UW-Stevens Point helps grad find her dream job in her hometown
Lainey Braun is looking forward to crossing
the stage at the Dec. 16 commencement ceremony at the University of
Wisconsin-Stevens Point, celebrating the hard work that went into earning her
degree in just three and a half years and a Chancellor’s Leadership Award.
But what excites her the most is waiting for
her in her hometown of Manitowoc – a classroom of her own.
A special education major, Braun will begin her
first full-time job as a special education teacher at Lincoln High School on
Jan. 21, 2018. Less than four years ago she was a senior at that same school.
“I didn’t know what I wanted to be,” she
said, recalling her frustration in choosing a major. One decision was easy,
however: She would attend UW-Stevens Point.
“After I visited the university, I knew that
whatever I wanted to be, I’d find it at Point,” she said. “There were so many
majors that if I’d changed my mind I knew I would find support there.”
During her senior year of high school, Braun volunteered
in the special education classroom at Lincoln. Her father pointed out how happy
and excited she was when she came home from school after working with students
with special needs. “You should be a teacher,” he told her.
“I never looked back,” she said. “As soon as
I applied to be an education major at UW-Stevens Point, I knew I was on the
Braun said she was impressed that she was
already in a classroom by her second semester at the university, working
closely with experienced teachers from many Stevens Point schools.
She also found those with common goals when
she joined the Student Wisconsin Education Association organization, now called
Aspiring Educators. The group takes part in education outreach programs in the
community and attends professional conferences. As the group’s public relations
coordinator, she honed communication and teamwork skills.
Through the Kappa Delta Pi education honor
society, she took part in mock interviews and principal panels to prepare for
the job search. She served on the Student Council for Exceptional Children and
the National Society of Leadership and Success on campus.
“I had so many hands-on experiences through
these organizations,” she said. “Those made a difference when I applied for my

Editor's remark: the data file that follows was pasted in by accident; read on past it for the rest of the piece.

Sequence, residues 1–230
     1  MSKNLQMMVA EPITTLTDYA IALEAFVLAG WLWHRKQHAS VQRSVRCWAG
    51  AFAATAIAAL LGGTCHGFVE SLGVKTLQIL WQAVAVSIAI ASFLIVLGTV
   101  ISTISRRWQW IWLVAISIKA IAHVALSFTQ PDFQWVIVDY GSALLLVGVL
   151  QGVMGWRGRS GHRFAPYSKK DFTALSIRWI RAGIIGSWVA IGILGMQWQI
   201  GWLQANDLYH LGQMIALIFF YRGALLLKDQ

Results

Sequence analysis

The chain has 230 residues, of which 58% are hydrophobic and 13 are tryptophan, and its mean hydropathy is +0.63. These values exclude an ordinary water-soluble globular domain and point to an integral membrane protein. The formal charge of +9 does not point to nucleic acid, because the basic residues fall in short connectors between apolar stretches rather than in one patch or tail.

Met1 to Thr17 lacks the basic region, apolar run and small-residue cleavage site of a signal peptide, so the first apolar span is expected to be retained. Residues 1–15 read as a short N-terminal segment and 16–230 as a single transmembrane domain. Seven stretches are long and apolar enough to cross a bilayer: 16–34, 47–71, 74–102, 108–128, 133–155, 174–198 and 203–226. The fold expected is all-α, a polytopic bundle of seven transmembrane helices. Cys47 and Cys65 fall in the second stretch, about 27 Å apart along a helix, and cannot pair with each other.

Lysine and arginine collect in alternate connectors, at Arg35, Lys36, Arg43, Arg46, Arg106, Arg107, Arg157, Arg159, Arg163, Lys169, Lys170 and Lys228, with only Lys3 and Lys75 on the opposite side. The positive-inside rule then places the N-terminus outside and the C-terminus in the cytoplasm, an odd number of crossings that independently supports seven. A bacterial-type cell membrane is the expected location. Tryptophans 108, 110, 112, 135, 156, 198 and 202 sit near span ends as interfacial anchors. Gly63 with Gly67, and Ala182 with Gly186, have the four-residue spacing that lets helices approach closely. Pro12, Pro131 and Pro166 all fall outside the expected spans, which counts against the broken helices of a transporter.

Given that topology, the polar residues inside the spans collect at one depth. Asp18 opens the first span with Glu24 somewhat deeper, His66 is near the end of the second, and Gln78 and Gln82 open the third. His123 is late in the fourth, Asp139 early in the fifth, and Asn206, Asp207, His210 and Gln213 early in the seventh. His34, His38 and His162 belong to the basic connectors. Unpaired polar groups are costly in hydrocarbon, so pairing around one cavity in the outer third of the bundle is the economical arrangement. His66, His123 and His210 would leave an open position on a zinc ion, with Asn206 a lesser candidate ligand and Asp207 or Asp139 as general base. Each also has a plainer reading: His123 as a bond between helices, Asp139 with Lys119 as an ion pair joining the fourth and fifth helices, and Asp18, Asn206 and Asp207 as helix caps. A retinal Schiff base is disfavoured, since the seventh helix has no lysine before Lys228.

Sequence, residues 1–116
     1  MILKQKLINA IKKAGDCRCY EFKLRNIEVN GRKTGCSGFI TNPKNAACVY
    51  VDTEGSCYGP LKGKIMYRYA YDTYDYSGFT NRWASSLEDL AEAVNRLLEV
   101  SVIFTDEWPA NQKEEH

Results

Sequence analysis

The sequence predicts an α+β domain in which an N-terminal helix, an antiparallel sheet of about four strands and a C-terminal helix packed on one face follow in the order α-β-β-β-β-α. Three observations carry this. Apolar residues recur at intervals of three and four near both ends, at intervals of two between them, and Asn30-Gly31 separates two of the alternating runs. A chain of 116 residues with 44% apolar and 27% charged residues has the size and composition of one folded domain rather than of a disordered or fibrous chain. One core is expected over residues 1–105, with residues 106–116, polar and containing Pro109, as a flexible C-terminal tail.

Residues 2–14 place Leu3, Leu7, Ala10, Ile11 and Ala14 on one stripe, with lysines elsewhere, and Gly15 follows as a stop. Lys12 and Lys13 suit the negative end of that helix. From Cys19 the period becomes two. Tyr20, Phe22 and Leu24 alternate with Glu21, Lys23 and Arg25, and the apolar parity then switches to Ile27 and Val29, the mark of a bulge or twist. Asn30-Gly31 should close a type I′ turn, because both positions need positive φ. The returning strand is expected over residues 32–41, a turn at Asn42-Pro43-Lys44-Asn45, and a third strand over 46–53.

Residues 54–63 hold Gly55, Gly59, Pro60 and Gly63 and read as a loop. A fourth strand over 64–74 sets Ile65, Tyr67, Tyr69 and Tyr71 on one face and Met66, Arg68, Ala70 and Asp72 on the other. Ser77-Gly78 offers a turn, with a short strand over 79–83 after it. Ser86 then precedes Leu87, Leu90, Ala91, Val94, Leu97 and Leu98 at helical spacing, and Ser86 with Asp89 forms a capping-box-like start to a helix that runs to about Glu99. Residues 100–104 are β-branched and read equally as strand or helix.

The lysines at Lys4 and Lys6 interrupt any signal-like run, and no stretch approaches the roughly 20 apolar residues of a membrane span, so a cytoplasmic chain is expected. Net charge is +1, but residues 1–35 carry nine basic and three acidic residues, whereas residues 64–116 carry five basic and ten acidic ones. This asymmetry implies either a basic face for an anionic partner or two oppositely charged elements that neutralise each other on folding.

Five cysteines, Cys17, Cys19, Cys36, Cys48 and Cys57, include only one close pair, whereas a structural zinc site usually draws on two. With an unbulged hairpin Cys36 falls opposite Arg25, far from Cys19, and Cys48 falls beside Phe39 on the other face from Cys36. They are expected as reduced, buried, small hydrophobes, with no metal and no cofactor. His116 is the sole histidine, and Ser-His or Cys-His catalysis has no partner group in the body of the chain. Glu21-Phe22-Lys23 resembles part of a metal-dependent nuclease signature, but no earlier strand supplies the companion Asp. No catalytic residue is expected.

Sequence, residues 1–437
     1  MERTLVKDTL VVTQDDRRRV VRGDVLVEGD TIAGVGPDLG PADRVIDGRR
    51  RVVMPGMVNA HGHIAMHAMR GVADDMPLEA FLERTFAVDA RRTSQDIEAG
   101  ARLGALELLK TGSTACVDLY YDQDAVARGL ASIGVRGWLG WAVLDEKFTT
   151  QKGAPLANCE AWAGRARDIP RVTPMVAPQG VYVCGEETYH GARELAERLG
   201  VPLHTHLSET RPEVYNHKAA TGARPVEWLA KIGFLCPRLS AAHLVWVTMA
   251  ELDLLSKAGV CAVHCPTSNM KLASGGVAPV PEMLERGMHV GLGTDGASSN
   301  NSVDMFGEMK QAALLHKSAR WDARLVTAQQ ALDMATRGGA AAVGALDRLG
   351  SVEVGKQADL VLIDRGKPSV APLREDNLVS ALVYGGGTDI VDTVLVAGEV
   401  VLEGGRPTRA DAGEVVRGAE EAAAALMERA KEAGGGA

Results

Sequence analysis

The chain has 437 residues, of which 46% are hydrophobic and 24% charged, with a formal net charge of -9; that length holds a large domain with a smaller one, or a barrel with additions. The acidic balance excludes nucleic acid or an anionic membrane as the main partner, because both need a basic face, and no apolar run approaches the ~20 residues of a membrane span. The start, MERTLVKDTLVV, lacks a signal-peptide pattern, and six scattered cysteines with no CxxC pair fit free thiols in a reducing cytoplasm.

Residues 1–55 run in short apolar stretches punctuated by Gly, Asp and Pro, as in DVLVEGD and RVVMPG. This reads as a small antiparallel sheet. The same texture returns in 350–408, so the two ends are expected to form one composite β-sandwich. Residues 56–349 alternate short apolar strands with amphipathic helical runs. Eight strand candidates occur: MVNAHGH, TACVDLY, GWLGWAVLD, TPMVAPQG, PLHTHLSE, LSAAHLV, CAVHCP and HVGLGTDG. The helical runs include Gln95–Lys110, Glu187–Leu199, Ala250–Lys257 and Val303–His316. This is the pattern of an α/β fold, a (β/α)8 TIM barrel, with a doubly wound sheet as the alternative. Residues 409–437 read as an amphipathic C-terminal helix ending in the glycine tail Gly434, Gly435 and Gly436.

teaching job because the interviewer knew I had experience being part of a
Braun also found mentors in her professors
and Maggie Beeber, her School of Education adviser. Beeber alerted her to a
plan to help her graduate in three and half years, with several high school advanced
placement credits and by taking a course during the January term.
“I was so excited to hear that,” she said.
“Maggie knew the coursework so well that I felt I was in really good hands.
UW-Stevens Point helped me get on my path as quickly and effectively as
When it came time
for her required student teaching experience, she knew she wanted to live at
home in Manitowoc. She was offered positions in nearby communities, but then learned
the special education teacher at Lincoln had been promoted
to a program support professional, which left an opening. She was offered the
job – as a paid intern for the first semester and as a full-time licensed
teacher for the second.
Braun said everyone at Lincoln treats the
graduate-turned-colleague with respect and as an equal. “I’m still getting used
to calling my former teachers by their first names,” she said. Her younger
brother is a senior, so she has enjoyed being at school with him.
Braun said she chose special education
because her students have a different outlook on life. “They appreciate the
little things and make the best out of every situation,” she said. She is
inspired by their strength in the face of mental or behavioral challenges, and
wants to support them any way she can so they can find jobs and success later
“Working with them means I am a teacher,
counselor, nurse, mom and listening ear, all wrapped into one,” she said. “This
job is absolutely the best.”
Braun is eager to get back to teaching after
graduation. “I’ve built a relationship with my students, so now I’ll have my
degree and I can really start to work on advising them and make my own name at
Lincoln as a teacher.”
She hopes to earn a master’s degree and become
an administrator someday. “That way I can help even more kids,” she said.